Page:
M6. Not the motorway but the King of Morocco, Mohamed VI. Since 1999, when the West-friendly, democracy-loving monarch took office and started ramping up tourism, his realm has changed from being a place infamous for hosting louche aristocrats and kif-crazed rock’n’roll escapees – the Hideous Kinky era, if you like – into one of the world’s prime soft-exotic destinations. Marrakesh the pink-encrusted jewel in its crown. OK, the Arab Spring has had a ripple effect in the capital Rabat, and there has been a recent Al-Qaeda-style attack. But M6’s scatter-cushioned dream is unlikely to fade.
I flew into the kingdom and started in Marrakesh, the rose city. I wandered round the hassle-free medina – the old art of shaking down naive tourists having been dampened by M6 – and eyed up lime-green babouche slippers and puce pouffes. The place was seething with tourists of the yoga-and-pashmina variety, mostly staying in the city’s 500-odd riads, townhouses now tarted up into various stages of ‘boutique’.
At Djemaa el-Fna, Marrakesh’s preposterously photogenic outdoor market, I raised my camera and heads bobbed expectantly: photography has inflated to 20dh (£1.20) a snap. Never pay more than 10dh, I was told by a local, who said: “Some think it is forbidden by the Koran.” Well, the Koran was written 13 centuries before photography, but I did feel inhibited at La Medersa ben Youssef, a 16th-century Koranic school and a masterpiece of Merenid-era architecture with elaborate cedar-work, mosaic tiling and polished tadalakt plasterwork: all the riches of the Moorish decorator’s table. (The Kingdom has long been a bit la-di-dah.)
Like many super-sensory experiences, Marrakesh can rapidly tire you, so I set off to the airport, to ride a Cessna over the High Atlas Mountains. The rosy pink of Marrakesh gave way to gnarled highlands, and we touched down in tongue-twisting Ouarzazate, now home to a small desert film industry – ‘Mollywood’, of course. I skirted the prosperous new town and went east, desert-wards, past camels, donkeys and pea-green Peugeots: the three main modes of transport.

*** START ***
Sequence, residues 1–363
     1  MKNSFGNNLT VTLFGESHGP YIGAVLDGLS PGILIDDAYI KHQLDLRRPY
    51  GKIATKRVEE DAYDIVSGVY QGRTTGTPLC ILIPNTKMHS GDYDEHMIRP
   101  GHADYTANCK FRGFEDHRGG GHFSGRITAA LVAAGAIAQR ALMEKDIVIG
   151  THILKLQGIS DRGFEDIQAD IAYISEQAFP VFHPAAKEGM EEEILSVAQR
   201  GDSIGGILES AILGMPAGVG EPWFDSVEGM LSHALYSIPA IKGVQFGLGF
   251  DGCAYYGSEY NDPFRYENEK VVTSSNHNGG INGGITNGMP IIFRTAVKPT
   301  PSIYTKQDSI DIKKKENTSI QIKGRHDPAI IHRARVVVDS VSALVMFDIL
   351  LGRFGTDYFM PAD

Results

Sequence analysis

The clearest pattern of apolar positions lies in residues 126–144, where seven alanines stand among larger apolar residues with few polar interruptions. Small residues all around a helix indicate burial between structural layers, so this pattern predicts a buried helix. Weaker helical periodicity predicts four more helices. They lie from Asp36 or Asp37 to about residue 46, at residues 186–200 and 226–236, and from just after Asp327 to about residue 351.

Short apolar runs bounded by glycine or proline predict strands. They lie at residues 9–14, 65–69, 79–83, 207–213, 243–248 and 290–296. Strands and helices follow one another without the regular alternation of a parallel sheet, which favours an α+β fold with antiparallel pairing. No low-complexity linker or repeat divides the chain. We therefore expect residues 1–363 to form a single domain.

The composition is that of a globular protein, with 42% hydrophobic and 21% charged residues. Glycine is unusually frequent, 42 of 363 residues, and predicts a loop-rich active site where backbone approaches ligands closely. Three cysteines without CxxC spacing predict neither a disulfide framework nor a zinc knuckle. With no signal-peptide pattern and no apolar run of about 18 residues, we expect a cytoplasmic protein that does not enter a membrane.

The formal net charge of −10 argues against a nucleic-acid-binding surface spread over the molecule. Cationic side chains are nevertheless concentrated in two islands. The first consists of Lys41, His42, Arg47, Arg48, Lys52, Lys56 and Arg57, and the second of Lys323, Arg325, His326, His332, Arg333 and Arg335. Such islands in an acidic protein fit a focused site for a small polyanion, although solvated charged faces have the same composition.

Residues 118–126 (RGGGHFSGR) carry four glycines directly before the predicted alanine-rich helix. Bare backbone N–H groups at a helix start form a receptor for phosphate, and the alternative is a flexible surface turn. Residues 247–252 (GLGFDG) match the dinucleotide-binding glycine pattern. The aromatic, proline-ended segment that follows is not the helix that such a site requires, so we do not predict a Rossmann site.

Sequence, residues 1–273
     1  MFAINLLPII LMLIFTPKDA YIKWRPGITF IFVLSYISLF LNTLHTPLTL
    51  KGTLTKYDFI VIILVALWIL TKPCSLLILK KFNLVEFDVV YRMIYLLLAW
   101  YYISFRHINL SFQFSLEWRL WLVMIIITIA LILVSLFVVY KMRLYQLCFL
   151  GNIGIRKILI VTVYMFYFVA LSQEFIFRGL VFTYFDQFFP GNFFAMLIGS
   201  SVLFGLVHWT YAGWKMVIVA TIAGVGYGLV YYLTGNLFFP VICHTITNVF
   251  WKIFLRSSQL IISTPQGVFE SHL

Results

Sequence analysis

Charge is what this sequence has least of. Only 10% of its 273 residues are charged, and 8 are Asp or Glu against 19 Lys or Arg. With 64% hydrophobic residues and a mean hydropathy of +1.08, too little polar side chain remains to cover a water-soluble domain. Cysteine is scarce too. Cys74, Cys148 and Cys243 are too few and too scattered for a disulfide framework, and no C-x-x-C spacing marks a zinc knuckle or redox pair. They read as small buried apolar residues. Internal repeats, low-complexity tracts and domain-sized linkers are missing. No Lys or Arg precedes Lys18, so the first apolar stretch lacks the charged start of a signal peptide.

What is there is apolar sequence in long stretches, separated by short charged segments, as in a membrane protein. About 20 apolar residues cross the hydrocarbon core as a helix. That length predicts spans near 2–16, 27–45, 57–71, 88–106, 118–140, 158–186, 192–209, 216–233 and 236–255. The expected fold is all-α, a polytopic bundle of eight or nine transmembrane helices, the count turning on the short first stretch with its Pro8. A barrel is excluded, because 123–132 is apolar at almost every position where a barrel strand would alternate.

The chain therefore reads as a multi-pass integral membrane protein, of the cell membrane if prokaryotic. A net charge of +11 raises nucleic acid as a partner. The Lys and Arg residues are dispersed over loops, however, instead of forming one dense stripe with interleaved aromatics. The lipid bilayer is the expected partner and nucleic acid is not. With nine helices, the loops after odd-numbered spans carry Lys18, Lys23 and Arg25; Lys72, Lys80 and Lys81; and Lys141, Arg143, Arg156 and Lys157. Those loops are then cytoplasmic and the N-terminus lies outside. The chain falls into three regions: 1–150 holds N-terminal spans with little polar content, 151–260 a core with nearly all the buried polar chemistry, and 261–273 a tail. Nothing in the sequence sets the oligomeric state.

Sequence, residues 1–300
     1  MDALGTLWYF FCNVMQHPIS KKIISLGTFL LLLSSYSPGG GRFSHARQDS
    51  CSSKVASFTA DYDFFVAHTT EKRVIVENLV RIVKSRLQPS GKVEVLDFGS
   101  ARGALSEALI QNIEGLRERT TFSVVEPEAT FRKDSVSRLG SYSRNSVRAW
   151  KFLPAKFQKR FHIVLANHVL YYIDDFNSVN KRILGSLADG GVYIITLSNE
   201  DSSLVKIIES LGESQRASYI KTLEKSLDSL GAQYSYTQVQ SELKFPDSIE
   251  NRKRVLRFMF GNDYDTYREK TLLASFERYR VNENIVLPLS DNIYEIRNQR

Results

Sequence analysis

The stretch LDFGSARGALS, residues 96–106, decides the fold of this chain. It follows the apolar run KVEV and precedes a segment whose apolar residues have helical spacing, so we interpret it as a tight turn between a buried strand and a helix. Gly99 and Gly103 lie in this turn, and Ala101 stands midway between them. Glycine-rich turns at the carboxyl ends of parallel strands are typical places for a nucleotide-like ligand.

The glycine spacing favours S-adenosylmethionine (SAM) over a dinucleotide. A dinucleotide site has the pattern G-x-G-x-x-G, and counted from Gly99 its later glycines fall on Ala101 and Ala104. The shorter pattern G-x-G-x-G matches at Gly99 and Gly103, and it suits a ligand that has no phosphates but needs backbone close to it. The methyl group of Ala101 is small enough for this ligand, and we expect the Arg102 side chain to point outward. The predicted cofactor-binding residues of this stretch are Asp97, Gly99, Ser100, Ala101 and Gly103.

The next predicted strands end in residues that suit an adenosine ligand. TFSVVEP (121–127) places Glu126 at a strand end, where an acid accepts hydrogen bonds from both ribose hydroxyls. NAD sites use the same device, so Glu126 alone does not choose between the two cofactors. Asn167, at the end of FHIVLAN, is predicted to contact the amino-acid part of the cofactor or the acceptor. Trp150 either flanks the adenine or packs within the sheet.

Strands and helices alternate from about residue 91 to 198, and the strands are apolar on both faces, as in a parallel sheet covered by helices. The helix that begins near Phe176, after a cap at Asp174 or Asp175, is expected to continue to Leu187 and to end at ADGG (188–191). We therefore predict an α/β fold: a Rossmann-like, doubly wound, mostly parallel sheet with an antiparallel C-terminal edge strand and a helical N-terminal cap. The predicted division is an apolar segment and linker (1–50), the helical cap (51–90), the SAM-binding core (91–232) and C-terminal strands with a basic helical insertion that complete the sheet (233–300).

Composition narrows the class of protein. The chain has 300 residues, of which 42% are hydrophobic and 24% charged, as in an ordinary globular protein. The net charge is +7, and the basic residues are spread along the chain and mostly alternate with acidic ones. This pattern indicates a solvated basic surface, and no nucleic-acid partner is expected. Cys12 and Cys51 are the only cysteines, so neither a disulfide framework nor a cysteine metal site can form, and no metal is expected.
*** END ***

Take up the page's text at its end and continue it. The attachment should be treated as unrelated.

As rocky bluffs loomed over the valley, ruins began to appear like enormous sandcastles, surrounded by date palms and djellaba-clad locals. Ah, the Dades Valley, aka the Valley of a Thousand Kasbahs: the caravanserai route north from Timbuktu. Several of these adobe hulks are obsolete, rotted by rain, but entrepreneurs are now bringing others on to the holiday market.
My companion turned the car off into a small town called Skoura, on to a mud road, through a palmeraie, across a wadi, and into the Dar Ahlam, precisely one of those refurbished kasbahs. Truly frou’d, the Dar had cushions coordinated by season – red for winter, green for summer – a salon with a fireplace plastered with chocolate-coloured tadalakt, and candles a-plenty, in niches, on floors and in candelabras. I set off once more along the valley, inshallah to return for tea.
The countryside became ever-prettier, culminating in the town of El-Kelaa m’Gouna, the centre of Morocco’s rose industry, where pink and green shops sold rosewater and fossils. The Valley of a Thousand Kasbahs had seamlessly become the Valley of the Roses, climbing up to the Atlas Mountains, where some locals eked out a living as troglodytic nomads. Suddenly it was more Tora Bora than Ab Fab.
I walked on, past a gushing culvert to a remote picnic place, where the Dar Ahlam’s team waited with lunch: green beans with cumin, tomato salad, Coronation chicken. On return, I went to the Dar’s hammam and took a gommage, the hardcore scrub that precedes a massage, and was delighted that it was not the usual beefy sadist but a female, chic gommagiste offering a choice between verbena, ylang ylang and argan oil: the latter from the curious, spiky tree that grows only on Morocco’s Atlantic coastline.
At sunrise I walked with a guide, Abdou, over the wadi where, in the wet season, water splashed up to two metres in height. When exactly? “When you come from here,” intoned Abdou in the gnomic Moroccan mode that writer Paul Bowles made a career from, “you just know.” He led me to the Kasbah Amerdihl, Skoura’s visitor attraction, now a guesthouse. Inside this 17th-century edifice, a small garden of figs and lemons clustered around a fountain. Rooms off to the sides performed their ghostly functions: men in one, women in another. Plenty of the kinky and some of the hideous had surely happened here, but nothing a few soft furnishings wouldn’t cure.